Our second networking event for Thursday, December 6th, was the annual Magnum luncheon that took place at the Bo Loong restaurant on St. Clair Avenue and was organized by our friend, Mr. Dan Hanson, who explained to us that the some 75 invitees included people involved with the websites that Mr. Hanson coordinates with the help of his sister, Ms. Debbie Hanson, like Clevelandpeople.com; Clevelandseniors.com; and Clevelandwomen.com.
As is written by Mr. Hanson on the Magnum website, “each year we like to gather an eclectic group of friends and business associates for a holiday lunch.” This “eclectic group” includes political, business, educational, non-profit, and civic leaders; people devoted to technological advancement; those involved with cultural organizations that promote diversity; and some terrific people whose livelihood would be tough to categorize.
When we were settled at our tables, Mr. Hanson explained to us that the thread that linked us all together was that everyone at the luncheon felt passionately about Cleveland and was working to make it a better place.
Accordingly, we visited with Mr. Brad Sussman, who at one time was a weather forecaster and now owns a successful insurance agency, and Mr. Zhenting Men, Vice President of the Cleveland International Fund, who recalled encountering several members of the Margaret W. Wong and Associates, LLC team at a seminar at CSU about a month ago.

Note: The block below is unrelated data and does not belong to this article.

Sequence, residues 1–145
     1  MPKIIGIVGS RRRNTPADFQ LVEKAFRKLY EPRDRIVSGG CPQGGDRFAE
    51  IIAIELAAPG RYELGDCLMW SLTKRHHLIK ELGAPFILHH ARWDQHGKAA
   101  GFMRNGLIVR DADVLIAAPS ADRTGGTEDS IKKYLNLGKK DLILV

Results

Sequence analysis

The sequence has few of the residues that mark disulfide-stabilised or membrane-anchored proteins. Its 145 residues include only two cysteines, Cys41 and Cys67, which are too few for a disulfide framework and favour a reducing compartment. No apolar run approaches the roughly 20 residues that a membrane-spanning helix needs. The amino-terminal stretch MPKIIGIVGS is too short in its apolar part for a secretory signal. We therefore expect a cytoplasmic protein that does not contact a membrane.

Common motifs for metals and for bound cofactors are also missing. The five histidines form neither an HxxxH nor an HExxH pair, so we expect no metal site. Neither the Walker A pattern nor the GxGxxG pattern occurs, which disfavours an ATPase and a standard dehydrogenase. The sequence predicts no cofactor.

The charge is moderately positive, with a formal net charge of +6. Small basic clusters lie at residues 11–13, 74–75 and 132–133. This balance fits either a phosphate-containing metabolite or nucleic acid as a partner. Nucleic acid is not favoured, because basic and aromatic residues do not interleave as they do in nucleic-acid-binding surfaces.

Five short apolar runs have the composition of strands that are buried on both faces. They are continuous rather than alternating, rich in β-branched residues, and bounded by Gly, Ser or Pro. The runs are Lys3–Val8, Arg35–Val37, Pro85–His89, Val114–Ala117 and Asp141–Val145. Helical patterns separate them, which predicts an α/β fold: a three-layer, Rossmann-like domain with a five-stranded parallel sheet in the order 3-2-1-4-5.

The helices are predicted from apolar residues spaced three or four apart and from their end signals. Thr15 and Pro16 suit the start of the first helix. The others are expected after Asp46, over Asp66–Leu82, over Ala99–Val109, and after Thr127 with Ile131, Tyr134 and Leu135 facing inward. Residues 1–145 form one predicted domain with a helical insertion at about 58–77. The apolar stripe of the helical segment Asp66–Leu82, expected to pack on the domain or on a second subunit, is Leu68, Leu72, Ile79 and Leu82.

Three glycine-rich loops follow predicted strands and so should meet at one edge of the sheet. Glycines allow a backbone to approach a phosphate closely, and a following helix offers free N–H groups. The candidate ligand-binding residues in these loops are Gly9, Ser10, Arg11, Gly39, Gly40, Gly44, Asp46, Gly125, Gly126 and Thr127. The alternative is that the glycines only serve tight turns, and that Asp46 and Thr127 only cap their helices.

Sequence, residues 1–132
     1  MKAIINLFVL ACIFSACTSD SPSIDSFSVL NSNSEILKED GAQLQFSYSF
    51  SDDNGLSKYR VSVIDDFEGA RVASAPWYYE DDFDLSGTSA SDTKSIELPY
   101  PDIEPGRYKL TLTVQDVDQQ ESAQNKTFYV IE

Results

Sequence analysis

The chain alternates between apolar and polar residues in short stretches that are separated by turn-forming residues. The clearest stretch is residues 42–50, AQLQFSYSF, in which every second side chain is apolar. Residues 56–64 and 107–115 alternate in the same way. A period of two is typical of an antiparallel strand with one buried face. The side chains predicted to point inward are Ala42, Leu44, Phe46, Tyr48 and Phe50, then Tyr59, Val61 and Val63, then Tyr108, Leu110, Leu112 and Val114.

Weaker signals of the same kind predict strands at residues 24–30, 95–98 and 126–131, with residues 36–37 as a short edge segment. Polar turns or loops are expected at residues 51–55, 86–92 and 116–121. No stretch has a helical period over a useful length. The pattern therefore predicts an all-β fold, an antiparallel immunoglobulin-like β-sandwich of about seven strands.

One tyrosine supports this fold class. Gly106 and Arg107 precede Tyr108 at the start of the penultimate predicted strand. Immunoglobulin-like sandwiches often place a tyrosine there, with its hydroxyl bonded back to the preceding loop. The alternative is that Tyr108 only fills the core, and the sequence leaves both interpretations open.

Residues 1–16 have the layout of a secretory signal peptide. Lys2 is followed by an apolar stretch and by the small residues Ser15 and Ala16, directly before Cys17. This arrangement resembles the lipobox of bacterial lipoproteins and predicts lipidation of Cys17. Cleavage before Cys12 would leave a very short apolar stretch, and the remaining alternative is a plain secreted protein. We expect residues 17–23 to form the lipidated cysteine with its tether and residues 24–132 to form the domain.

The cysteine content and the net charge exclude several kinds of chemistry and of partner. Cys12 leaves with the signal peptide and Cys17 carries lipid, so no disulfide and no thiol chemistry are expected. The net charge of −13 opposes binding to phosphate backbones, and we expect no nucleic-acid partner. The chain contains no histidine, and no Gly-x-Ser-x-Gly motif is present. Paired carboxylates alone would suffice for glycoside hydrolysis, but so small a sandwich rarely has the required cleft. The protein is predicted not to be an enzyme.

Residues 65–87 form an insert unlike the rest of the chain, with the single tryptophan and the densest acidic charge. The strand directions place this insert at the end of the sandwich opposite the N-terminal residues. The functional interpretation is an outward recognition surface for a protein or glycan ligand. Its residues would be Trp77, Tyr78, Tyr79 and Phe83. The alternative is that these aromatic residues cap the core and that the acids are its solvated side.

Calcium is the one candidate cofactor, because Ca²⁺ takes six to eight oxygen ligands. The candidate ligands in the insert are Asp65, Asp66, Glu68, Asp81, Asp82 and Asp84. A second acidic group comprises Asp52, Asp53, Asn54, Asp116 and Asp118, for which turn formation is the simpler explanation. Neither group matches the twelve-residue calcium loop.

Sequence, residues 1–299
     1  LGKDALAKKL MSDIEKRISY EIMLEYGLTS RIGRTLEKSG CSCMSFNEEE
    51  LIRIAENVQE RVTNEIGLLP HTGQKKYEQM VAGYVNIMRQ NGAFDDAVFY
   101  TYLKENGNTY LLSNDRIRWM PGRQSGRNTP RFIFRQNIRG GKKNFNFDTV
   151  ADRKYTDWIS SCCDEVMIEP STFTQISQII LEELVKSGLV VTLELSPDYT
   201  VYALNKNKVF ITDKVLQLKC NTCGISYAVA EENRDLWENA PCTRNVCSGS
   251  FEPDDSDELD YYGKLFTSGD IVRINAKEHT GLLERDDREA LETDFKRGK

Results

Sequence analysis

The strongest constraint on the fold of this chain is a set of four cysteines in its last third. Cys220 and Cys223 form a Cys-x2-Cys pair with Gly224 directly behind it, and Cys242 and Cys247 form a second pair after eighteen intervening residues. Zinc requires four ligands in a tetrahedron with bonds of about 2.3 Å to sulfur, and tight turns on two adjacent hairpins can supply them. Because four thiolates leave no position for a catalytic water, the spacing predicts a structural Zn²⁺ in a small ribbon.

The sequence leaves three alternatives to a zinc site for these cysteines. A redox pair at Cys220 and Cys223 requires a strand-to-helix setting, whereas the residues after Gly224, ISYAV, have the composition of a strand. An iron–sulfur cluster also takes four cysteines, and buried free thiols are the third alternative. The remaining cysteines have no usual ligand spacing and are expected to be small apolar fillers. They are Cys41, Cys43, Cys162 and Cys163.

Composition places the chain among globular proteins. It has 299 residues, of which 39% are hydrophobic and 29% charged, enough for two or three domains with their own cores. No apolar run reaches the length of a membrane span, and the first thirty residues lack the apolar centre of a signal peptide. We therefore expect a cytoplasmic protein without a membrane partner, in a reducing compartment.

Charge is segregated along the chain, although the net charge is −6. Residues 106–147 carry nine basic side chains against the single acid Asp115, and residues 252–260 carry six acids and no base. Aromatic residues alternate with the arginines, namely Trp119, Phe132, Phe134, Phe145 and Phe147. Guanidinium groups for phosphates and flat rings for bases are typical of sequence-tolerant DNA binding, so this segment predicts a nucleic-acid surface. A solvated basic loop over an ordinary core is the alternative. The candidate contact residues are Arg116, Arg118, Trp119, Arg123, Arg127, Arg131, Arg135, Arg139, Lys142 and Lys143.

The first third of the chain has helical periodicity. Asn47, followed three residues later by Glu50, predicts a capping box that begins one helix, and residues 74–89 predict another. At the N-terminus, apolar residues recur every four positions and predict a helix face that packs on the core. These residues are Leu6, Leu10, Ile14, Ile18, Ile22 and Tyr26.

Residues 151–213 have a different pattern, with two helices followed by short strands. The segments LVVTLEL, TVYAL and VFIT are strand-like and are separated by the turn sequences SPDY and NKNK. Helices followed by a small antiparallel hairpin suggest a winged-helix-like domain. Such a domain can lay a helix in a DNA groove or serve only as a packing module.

Throughout the luncheon, Mr.. Anjan Ghose volunteered his services to take photos and did a lovely job. Like other years, everyone in attendance was asked to share who they were and what Cleveland means to them. Several of the attendees who were foreign-born spoke about what it was like immigrating to the United States and settling here while Mr. David Flesher, Vice Provost of International Affairs at CWRU talked about how personally rewarding that it was to work with young internationals who had the potential to transform the Northeast Ohio region for the better.
At the conclusion, Mr. Hanson smiled as he appropriately proclaimed that “you are Cleveland and Cleveland is you!” Among one of the more pointed testimonials was that of Mr. Les Roberts who recalled that he was quite guarded when he initially came to Cleveland in the late 1980’s because, based on what he had heard, he didn’t think he would like it. But, not only did he like it, Mr. Roberts decided to move here. What’s more, he used Cleveland as a setting for 19 of his novels.